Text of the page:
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Soila Hill talks to Freinds at the Kla-how-eya Youth Drop-in Centre.

Aboriginal youth centre gets funding lifeline

Krystal Bell and Soila Hill surf the web on side-by-side desktop PCs. It’s a typical Tuesday evening at the Kla-how-ya…

By Jes Abeita , in Culture , on December 7, 2009 Tags: , , , ,

Soila Hill talks to Freinds at the Kla-how-eya Youth Drop-in Centre.
Soila Hill talks to freinds at the Kla-how-eya Youth Drop-in Centre.

Krystal Bell and Soila Hill surf the web on side-by-side desktop PCs. It’s a typical Tuesday evening at the Kla-how-ya Youth Drop-in Centre in Surrey.

Led Zeppelin, New Order and others flowed out of the radio, mixing with the sounds of teens talking and laughing as they spent time together.

“I wasn’t very social before Kla-how-eya opened up,” said Bell, 15. If the drop-in center were not there, Bell said, she most likely would be doing “nothing at all, not video games, not homework. I’d just go to sleep pretty early.”

A few weeks ago, Bell was uncertain if she and the other youth at Kla-how-ya in Metro Vancouver would have a place to gather much longer. Funds for the drop-in centre come from a grant from the Urban Multipurpose Youth Centres Initiative, which was set to end in March.

She and other Aboriginal youth who benefit from programs funded by the initiative did not just wait around and hope for the best when faced with the potential loss. Program leaders, youth and supporters launched a petition drive and they took their message to the Minister of Canadian Heritage, James Moore.

The result: the renewal of the program for six more years.

“I am very pleased to announce this extension, ” said Moore. “Our government is committed to providing Aboriginal young people with culturally focused programming that helps tomorrow’s leaders build strong communities and families.”

Story continues after the slideshow:

Helping families

Consistency is key when working with youth, said Tanya McKenzie, youth initiatives director for the British Columbia Association of Aboriginal Friendship Centres.

Youth programs suffer when they face funding gaps like the one that could have been caused by delaying renewal of the initiative.

McKenzie said the legacy of colonialism can be seen in many of the issues faced by Aboriginal youth. “People should see these programs as a way to restore what was broken down by the Canadian government,” she said.

The drop-in centre can keep Aboriginal youth out of trouble. Boredom and difficulties at home can lead to minor criminal offenses, starting Aboriginal youth down a destructive path, according to the Canadian Criminal Justice Association website.

Aboriginal youth face high rates of depression and acute stress. Other family members who would ordinarily help youth deal with their problems can be caught up in their own stresses, leaving youth with few places to go for support.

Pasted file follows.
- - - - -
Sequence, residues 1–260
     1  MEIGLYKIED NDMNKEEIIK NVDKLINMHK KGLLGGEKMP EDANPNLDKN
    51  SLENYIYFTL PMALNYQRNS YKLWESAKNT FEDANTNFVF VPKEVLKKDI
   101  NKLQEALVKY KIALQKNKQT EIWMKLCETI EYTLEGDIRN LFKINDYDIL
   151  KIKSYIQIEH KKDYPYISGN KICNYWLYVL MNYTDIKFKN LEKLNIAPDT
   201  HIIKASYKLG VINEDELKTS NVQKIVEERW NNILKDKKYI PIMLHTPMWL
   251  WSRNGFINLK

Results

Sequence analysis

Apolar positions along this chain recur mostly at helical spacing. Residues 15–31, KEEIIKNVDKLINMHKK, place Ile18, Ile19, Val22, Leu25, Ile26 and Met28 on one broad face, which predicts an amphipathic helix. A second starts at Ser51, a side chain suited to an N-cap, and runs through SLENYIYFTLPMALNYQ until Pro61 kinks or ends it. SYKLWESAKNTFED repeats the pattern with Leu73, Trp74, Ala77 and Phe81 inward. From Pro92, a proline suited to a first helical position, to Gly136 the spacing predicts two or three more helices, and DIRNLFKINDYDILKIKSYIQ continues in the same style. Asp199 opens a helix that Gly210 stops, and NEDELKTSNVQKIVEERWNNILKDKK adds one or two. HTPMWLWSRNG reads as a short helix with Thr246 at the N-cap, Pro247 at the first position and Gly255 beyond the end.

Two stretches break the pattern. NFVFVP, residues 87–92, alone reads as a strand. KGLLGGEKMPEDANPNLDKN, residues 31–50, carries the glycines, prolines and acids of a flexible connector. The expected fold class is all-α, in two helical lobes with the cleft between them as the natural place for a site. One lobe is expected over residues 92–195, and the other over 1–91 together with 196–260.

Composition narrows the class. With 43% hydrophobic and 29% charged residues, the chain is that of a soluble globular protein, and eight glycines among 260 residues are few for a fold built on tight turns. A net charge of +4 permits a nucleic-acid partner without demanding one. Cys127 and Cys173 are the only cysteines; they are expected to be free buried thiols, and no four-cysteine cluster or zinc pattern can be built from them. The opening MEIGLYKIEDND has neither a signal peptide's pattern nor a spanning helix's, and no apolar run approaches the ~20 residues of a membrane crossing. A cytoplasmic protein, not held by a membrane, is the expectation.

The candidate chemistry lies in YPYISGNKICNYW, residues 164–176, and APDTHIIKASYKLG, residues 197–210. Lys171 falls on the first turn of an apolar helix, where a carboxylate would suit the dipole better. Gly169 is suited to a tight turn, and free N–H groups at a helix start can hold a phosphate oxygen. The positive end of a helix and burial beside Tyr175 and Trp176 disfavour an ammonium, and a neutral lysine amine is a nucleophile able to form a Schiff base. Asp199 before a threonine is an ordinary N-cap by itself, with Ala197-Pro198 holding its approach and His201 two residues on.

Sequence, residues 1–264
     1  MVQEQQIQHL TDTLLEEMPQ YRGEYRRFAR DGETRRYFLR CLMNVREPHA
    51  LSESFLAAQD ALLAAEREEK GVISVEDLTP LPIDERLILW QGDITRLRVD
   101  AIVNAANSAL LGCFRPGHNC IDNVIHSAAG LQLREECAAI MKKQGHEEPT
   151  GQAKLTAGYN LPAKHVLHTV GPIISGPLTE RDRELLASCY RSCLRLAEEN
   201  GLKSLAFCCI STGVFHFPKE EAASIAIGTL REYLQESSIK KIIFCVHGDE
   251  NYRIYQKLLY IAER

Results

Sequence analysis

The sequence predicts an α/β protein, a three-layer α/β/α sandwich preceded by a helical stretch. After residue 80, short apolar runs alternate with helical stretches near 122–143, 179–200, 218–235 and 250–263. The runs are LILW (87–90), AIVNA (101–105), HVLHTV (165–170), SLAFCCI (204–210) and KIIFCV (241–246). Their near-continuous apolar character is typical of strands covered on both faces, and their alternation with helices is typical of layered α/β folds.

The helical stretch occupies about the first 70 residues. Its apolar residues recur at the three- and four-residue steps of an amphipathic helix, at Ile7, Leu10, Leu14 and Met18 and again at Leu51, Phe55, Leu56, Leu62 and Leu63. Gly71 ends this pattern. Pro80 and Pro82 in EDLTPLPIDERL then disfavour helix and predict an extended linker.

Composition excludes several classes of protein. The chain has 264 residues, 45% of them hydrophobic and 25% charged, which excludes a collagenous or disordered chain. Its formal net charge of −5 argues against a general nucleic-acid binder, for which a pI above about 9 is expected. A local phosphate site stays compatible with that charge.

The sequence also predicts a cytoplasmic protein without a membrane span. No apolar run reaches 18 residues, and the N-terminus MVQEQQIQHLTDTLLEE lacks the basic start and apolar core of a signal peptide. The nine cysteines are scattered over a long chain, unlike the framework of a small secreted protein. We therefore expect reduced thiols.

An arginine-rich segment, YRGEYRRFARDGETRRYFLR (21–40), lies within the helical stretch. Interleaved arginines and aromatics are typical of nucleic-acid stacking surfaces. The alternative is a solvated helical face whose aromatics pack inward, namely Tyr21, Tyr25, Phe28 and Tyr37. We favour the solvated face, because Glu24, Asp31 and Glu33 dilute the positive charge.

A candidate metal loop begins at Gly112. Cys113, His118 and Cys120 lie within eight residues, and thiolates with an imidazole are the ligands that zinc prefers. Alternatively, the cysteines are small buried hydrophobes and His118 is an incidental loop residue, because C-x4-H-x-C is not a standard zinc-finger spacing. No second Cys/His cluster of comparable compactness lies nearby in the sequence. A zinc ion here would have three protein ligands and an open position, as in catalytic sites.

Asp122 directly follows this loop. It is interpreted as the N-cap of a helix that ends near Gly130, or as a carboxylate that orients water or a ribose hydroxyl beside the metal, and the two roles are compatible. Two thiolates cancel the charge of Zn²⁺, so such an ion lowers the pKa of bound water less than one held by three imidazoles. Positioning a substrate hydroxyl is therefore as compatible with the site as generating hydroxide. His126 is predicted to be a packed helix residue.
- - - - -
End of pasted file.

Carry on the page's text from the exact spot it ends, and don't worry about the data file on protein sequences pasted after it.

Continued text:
If left unattended to, youth under acute stress are more likely to consider suicide, according to information from Health Canada.

Risk factors faced by Aboriginal youth can be countered to some degree by participation in youth development programming. For youth who are not experiencing difficulties, those same programs can give them an even brighter future, according to research from Family and Community Support Services, Calgary.

The number of Aboriginal children in care in comparison to non-Aboriginal children in Canada offers a stark reminder of the effects of colonization and assimilation efforts have had on Aboriginal families.

Even though Aboriginal people make up just 3 per cent of the Canadian population, Aboriginal children make up 40 per cent of the number of children in-care.

Centres of support

Krystal Bell works on a computer at the Kla-how-eya Youth Drop-in Centre.
Krystal Bell works on a computer at the Kla-how-eya Youth Drop-in Centre.

Bell said her mother found the program in the hope of helping Bell connect with her peers. She said the centre helped her become more social by providing volunteer opportunities and a chance to be seen as a leader by younger program participants.

“At Kla-how eya they help you form the person you want to be” she said.

When Kla-how-ya threw a block party, Bell pitched in to help by emceeing the event. “My public speaking has really improved,” she said.

Hill, 16, became aware of the program at Kla-how-eya when youth workers came to her school. Her voice is soft, yet sure as she talks about how the center has changed her weekday evening routine.

“Just being there…having warm people welcome me and not judging me,” has helped her stay out of trouble, Hill said.

“If it wasn’t for the Youth Centre I would probably be hanging out in the streets and doing whatever,” she said.

The initiative, now named Cultural Connections for Aboriginal Youth represents an investment of $150-million aimed at providing culturally relevant programs to the Aboriginal youth of Canada, according to information provided by Moore’s office.

Programs funded by the initiative also help communities deal with hard economic times, McKenzie said.

“It’s a response to poverty. It’s a response to homelessness. It’s a response to school drop-outs and addictions and teen pregnancies. That’s what happens in bad economic times,” she said.